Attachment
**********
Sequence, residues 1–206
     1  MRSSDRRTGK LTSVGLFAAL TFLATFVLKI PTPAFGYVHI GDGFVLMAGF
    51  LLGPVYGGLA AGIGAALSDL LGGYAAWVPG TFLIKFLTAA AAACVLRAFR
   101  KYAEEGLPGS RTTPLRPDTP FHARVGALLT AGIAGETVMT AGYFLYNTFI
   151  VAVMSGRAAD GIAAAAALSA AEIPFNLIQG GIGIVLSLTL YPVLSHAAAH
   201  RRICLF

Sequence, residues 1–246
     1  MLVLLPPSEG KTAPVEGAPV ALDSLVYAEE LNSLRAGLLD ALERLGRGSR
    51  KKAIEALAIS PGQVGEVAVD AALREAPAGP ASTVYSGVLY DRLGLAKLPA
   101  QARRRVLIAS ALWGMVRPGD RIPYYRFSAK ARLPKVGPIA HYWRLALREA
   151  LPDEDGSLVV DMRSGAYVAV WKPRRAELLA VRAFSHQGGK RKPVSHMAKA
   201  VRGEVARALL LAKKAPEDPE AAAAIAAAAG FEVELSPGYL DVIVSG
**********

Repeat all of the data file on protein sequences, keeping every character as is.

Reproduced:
Sequence, residues 1–206
     1  MRSSDRRTGK LTSVGLFAAL TFLATFVLKI PTPAFGYVHI GDGFVLMAGF
    51  LLGPVYGGLA AGIGAALSDL LGGYAAWVPG TFLIKFLTAA AAACVLRAFR
   101  KYAEEGLPGS RTTPLRPDTP FHARVGALLT AGIAGETVMT AGYFLYNTFI
   151  VAVMSGRAAD GIAAAAALSA AEIPFNLIQG GIGIVLSLTL YPVLSHAAAH
   201  RRICLF

Sequence, residues 1–246
     1  MLVLLPPSEG KTAPVEGAPV ALDSLVYAEE LNSLRAGLLD ALERLGRGSR
    51  KKAIEALAIS PGQVGEVAVD AALREAPAGP ASTVYSGVLY DRLGLAKLPA
   101  QARRRVLIAS ALWGMVRPGD RIPYYRFSAK ARLPKVGPIA HYWRLALREA
   151  LPDEDGSLVV DMRSGAYVAV WKPRRAELLA VRAFSHQGGK RKPVSHMAKA
   201  VRGEVARALL LAKKAPEDPE AAAAIAAAAG FEVELSPGYL DVIVSG